1921: Japan’s Year of Amateur Growth and International Competitions

This article was written by Eric Robinson

Editor’s note: This article was originally published in 2021 as part of the SABR Century 1921 Project.

Two players from the 1921 Waseda University baseball team from Japan, catcher J. Nagano and second baseman J. Kuji, pose for a photo. (LIBRARY OF CONGRESS)

Two players from the Waseda University baseball team from Japan, catcher J. Nagano and second baseman J. Kuji, pose for a photo in 1921. (LIBRARY OF CONGRESS)


In 1921 baseball grew in popularity in Japan. More amateur players engaged in the sport within the country, and American teams traveled to Japan for games. Japanese baseball teams also traveled to the United States and its territories to take part in international competitions. Opponents for these American / Japanese matches came from universities, Japanese-American teams, and a semipro team composed of members of the Squamish Native American tribe.

That year found 207 schools competing for the 17 spots available in the 7th National High School Baseball Championship held at Koshien. The championship game found the Wakayama Central High School making their first of what would prove to be three consecutive trips to the championship game. They defeated Kyoto Number One High School by a score of 16-4. The Four Universities League took a step towards becoming the Tokyo Big6 Baseball League of today with the addition of Rikkyo University. February of 1921 saw the formation the Tenshou Baseball Club, at the time a collection of amateurs but who in two years would become the second professional club in the island nation.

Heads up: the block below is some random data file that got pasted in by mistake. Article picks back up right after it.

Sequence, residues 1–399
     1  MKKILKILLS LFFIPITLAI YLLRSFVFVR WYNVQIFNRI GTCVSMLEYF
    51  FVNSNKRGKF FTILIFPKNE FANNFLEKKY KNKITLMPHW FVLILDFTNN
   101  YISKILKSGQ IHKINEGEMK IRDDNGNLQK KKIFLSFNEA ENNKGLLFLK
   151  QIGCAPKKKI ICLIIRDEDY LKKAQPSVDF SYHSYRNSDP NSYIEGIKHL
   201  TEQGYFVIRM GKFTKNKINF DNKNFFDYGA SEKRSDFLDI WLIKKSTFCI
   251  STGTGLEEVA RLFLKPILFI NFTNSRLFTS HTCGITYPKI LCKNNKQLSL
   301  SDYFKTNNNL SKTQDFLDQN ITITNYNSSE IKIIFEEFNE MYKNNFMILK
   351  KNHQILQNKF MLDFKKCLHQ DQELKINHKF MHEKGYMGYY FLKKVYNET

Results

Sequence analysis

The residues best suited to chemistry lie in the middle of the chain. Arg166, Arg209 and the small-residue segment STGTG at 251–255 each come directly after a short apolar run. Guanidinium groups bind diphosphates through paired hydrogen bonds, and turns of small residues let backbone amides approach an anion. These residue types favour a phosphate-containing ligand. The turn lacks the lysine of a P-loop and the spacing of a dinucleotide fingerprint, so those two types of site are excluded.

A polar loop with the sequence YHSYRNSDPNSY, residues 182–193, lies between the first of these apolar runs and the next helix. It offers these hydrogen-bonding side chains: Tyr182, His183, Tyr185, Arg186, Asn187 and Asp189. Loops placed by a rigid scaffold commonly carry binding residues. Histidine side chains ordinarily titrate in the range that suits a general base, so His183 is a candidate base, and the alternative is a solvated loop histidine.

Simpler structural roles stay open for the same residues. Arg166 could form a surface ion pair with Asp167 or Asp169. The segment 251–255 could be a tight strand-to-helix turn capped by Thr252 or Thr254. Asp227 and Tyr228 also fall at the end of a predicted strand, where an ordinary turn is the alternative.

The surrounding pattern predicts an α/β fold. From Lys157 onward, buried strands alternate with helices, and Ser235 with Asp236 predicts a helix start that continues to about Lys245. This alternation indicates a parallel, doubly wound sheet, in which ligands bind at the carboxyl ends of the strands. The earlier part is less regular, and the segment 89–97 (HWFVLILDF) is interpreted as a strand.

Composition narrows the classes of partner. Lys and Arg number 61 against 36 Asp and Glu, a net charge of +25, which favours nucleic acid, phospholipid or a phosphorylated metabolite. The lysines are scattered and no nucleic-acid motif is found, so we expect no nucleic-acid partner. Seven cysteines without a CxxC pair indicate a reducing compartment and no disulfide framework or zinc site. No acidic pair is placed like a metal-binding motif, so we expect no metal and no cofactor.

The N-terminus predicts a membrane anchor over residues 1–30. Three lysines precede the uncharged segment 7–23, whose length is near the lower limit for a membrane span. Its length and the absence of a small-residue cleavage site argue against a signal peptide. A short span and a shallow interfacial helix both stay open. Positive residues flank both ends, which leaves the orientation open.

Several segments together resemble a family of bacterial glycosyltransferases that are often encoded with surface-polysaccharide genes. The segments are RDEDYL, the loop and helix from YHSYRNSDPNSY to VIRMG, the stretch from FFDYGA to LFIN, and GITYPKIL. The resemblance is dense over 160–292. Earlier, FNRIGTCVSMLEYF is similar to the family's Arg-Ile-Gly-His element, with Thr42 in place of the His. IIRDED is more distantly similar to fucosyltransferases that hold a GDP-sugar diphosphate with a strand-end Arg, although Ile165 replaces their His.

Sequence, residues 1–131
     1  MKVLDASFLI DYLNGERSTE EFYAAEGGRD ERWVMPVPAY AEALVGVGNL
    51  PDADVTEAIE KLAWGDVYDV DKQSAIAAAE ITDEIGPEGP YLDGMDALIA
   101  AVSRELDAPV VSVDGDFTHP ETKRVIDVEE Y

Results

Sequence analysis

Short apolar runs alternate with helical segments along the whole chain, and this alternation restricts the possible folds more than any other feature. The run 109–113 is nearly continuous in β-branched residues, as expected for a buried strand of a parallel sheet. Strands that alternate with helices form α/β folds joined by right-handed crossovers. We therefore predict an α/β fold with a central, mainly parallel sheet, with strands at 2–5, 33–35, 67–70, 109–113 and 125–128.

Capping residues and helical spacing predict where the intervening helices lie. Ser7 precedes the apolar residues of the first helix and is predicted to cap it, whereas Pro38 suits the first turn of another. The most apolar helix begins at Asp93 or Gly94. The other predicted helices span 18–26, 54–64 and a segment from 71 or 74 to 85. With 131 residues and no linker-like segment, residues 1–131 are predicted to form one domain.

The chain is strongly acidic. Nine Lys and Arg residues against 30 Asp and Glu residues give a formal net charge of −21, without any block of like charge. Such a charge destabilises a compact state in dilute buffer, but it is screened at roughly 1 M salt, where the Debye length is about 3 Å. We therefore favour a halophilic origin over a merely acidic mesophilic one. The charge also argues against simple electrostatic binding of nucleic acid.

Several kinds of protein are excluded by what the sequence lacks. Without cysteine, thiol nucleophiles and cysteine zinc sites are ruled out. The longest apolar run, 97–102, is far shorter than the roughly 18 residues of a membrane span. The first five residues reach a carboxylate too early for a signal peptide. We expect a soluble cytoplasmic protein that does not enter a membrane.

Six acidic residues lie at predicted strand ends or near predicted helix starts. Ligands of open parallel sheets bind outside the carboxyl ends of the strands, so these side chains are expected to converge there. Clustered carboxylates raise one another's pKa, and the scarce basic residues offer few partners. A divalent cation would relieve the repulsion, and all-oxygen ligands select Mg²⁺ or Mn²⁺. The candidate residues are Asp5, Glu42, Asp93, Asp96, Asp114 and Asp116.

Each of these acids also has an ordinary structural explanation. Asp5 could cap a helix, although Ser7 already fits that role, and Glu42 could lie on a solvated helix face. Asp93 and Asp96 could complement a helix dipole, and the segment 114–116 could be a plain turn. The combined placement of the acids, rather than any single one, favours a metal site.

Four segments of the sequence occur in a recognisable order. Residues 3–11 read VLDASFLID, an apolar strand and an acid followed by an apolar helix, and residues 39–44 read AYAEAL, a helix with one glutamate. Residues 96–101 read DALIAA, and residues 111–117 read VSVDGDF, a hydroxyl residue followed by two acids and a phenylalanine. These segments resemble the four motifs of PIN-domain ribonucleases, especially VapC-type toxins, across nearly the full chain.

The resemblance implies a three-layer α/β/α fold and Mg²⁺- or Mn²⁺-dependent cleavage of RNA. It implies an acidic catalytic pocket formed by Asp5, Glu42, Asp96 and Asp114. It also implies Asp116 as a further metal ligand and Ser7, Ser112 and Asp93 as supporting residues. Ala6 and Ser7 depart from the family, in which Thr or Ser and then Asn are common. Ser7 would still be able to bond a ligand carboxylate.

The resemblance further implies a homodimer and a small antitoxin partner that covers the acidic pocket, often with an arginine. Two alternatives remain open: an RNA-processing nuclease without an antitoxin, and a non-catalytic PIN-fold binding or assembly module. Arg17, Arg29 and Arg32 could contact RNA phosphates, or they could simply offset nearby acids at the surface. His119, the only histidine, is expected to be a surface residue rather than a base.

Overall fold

On August 6, 1921, players from the Squamish Nation of Kitsap County in the Puget Sound area of Washington left American soil aboard a ship named Alabama Marou for a two-week journey to Yokohama, Japan. The trip was promoted by sporting goods company Spalding, who chose the team after trying out “practically every Indian ball team on the coast.”1 They were not the only team making the trip, as a Northwest All Star semipro team as well the University of Washington club were also on board. The team performed well in Japan, winning nearly all their games against opponents ranging from high school teams to semipro All Stars and even some tourists.2 The Squamish team ran into problems, though, off the field; they lost all 13 dozen balls Spalding supplied them with while conducting batting practice on the ship’s deck during the trans-Pacific journey, and the representative in charge of finances disappeared early in the trip leaving the squad broke. Finally, the tribe had to rely upon the American consulate to arrange their voyage home.

As mentioned, this was not the only interaction between Japanese and American teams in 1921. Some others include:




University of California

To Japan


To U.S.

University of Washington

To Japan

Canadian Stars semipro team

To Japan

Hawaii All-Stars

To Japan

Honolulu Nippons

To Japan

Seattle Asahi (F. Miya)

To Japan

Vancouver Asahi

To Japan



1 Derek Sheppard, Kitsap Sun. April 6, 2008. Accessed June 9, 2021. http://archive.kitsapsun.com/news/local/suquamish-baseball-a-team-of-their-own-ep-422154134-358640001.html.

2 Sheppard.